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10 Historic Sites Every American Must See

From the Underground Railroad to presidential porches, historical sites offer visitors a new experience and a social studies lesson all in one. At historic sites across the nation, tourists can enter into a different time, worldview, or social status with nothing more than a park pass. We can visit some locations to pay our respects to painful pasts, and others to celebrate American icons and pioneers.

Using data from the National Park Service’s Annual Park Ranking Report for Recreational Visits, we identified the most popular National Historic Sites (NHS) around the United States. These include museums, forts, homes, and railways.

America is home to nearly 90 National Historic Sites, stemming from the Historic Sites Act of 1935. Just two years later, the first one was created with the Salem Maritime NHS. In 1966, all NHSs automatically joined the National Register of Historic Places. Today, famous American sites on this list abound from the East Coast to the West Coast and Puerto Rico.

How many of these most popular sites have you visited or planned to visit? From an important military outpost from the 1800s to colonial-era sites in the Caribbean, something on this wide-ranging list is sure to spark some educational inspiration, a memory, or an upcoming road trip. Read on to see the 10 most popular historic sites in the country.

Source: National Park Service

Boston African American National Historic Site

– Recreational visits in 2019: 419,585 (2.12% increase from 2018)
– Share of total historic site visits: 4.74%

The Boston African American NHS is a chance for visitors to understand 19th-century African American communities in Boston. The site preserves buildings and stories central to the Underground Railroad, Civil War, and abolition era.

Source: Tim Evanson // Flickr

James A. Garfield National Historic Site

– Recreational visits in 2019: 41,305 (1.15% increase from 2018)
– Share of total historic site visits: 0.47%

Stand on the iconic porch of President James A. Garfield at this Ohio site. Garfield’s porch is where he met with important leaders and voters during the presidential campaign that would launch him into fame as the 20th president of the United States. Visitors can tour Garfield’s home and learn more about life in the mid-1800s.

gillfoto // Wikimedia Commons

Christiansted National Historic Site

– Recreational visits in 2019: 103,594 (3.63% decrease from 2018)

– Share of total historic site visits: 1.17%

In the Virgin Islands, Christiansted NHS commemorates the former Danish capital and influence of European architecture and economics in the Caribbean. Visitors to the urban park can take in the 18th-century buildings, which include a fort and a steeple.

Wes Klein // Wikimedia Commons

Fort Point National Historic Site

– Recreational visits in 2019: 1.42 million (1.49% increase from 2018)

– Share of total historic site visits: 16.06%

Fort Point NHS marks the military outpost tasked with defending California’s coast from foreign invaders. The fort was in service from the mid-1800s to the mid-1900s and today overlooks the Golden Gate Bridge.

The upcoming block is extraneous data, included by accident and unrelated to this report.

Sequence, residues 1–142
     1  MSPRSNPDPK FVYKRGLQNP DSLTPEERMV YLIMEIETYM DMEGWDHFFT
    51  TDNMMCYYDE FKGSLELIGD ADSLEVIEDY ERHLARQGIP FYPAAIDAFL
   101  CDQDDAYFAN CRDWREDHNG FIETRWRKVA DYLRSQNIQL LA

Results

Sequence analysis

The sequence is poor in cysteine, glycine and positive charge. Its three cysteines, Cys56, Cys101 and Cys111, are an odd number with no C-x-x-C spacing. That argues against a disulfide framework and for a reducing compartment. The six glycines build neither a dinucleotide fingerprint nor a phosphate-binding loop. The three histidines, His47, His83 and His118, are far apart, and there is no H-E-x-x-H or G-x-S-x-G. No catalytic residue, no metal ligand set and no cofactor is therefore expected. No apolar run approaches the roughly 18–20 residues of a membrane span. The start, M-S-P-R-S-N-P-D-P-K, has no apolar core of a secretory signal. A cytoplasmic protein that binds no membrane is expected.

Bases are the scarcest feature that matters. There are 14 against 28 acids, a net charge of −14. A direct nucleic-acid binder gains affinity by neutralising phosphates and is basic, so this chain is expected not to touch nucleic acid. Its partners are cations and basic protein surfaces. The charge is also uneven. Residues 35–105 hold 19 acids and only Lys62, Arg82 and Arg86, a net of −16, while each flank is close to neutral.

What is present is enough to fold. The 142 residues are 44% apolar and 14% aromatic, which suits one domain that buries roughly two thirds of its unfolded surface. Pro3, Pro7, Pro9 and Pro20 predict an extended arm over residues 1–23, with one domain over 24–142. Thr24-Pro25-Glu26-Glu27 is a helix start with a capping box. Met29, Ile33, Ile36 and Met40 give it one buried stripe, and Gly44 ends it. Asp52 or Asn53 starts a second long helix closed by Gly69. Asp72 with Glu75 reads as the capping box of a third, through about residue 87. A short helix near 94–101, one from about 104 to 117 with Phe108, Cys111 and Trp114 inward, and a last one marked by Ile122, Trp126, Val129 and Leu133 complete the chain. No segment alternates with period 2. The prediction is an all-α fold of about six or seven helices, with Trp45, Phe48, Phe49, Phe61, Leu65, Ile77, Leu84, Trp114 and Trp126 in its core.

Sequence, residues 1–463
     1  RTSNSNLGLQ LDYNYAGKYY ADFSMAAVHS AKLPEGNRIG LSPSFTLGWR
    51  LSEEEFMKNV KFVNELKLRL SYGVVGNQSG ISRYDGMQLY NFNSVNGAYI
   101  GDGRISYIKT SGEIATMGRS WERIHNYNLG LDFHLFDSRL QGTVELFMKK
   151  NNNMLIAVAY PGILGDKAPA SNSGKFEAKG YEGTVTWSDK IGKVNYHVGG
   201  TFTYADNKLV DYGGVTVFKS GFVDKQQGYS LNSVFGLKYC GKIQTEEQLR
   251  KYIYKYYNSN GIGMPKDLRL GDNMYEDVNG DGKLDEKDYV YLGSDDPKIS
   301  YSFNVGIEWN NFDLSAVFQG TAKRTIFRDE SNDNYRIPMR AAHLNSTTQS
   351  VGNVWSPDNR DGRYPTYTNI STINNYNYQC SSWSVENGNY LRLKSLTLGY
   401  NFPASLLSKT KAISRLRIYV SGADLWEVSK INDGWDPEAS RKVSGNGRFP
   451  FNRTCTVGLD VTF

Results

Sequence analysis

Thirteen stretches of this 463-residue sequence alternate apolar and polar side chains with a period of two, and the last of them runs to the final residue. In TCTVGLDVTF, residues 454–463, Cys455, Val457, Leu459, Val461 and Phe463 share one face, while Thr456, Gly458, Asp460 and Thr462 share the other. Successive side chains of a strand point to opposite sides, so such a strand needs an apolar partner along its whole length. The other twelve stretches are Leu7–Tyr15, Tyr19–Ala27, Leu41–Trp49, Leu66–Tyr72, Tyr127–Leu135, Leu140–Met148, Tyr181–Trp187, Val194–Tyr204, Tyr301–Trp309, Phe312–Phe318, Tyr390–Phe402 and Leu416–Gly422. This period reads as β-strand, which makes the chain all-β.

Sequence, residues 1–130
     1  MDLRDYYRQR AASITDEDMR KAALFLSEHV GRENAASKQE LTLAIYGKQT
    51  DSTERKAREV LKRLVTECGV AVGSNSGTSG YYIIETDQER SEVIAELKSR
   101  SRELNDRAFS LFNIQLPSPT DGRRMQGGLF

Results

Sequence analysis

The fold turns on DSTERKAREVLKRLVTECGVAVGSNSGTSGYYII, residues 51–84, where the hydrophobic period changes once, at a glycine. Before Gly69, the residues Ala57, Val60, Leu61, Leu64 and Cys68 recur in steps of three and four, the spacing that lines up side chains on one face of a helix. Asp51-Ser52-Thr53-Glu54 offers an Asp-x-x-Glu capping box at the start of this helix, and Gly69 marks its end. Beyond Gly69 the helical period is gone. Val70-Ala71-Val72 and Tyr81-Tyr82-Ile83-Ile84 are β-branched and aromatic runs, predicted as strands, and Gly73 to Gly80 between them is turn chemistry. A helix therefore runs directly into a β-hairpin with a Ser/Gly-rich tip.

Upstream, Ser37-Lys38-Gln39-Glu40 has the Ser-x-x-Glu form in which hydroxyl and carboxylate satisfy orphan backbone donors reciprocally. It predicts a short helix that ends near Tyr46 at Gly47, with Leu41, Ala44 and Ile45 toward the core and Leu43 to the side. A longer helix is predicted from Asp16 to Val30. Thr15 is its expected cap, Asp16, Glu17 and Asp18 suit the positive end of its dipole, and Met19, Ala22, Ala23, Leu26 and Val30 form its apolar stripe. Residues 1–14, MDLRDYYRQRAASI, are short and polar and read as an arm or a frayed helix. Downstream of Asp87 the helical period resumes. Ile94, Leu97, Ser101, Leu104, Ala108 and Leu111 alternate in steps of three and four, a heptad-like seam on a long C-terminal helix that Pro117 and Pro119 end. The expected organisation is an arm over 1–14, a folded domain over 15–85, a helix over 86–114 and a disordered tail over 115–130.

Wknight94 // Wikimedia Commons

Ford’s Theatre National Historic Site

– Recreational visits in 2019: 572,373 (7.3% increase from 2018)
– Share of total historic site visits: 6.47%

Ford’s Theatre NHS plunges visitors into the scene where America’s 16th president, Abraham Lincoln, was assassinated in 1865. Visitors can learn about the theatre, Lincoln’s life, and the assassin’s motivation behind the murder.

Eric Pancer // Wikimedia Commons

San Juan National Historic Site

– Recreational visits in 2019: 1.2 million (31.52% increase from 2018)
– Share of total historic site visits: 13.53%

Learn the importance of Puerto Rico for colonization and global trade at the San Juan NHS. Visitors will tour historic forts, ocean walkways, and colonial-era homes.

Rizka // Wikimedia Commons

Salem Maritime National Historic Site

– Recreational visits in 2019: 339,238 (12.9% increase from 2018)

– Share of total historic site visits: 3.83%

A journey to Massachusetts to the Salem Maritime NHS provides visitors insight into the historic role of sea trade and travel in early America. The port there was a hub for new ideas, goods, and services to the budding country.

Lincoln Home National Historic Site

– Recreational visits in 2019: 197,816 (0.05% increase from 2018)
– Share of total historic site visits: 2.24%

Step into the place Abraham Lincoln called home before becoming the 16th U.S. president. The Illinois site tells the story of Lincoln—not just as a president but as a family man and local community leader.

Adam Jones, Ph.D. // Wikimedia Commons

Little Rock Central High School National Historic Site

– Recreational visits in 2019: 168,918 (13.29% increase from 2018)
– Share of total historic site visits: 1.91%

The Little Rock Central High School NHS is a step into the history of U.S. school desegregation in the 1950s. Visitors can learn about the history of Brown v. Board of Education and the story of the nine Black students who enrolled at Arkansas’ all-white Central High School.

Crunch // Wikimedia Commons

Home of Franklin D. Roosevelt National Historic Site

– Recreational visits in 2019: 147,109 (4.47% decrease from 2018)

– Share of total historic site visits: 1.66%

See the place where Franklin D. Roosevelt was born and buried in Hyde Park, New York, at the Home of Franklin D. Roosevelt NHS. The home is also the location of the first presidential library.

 

 

 

 

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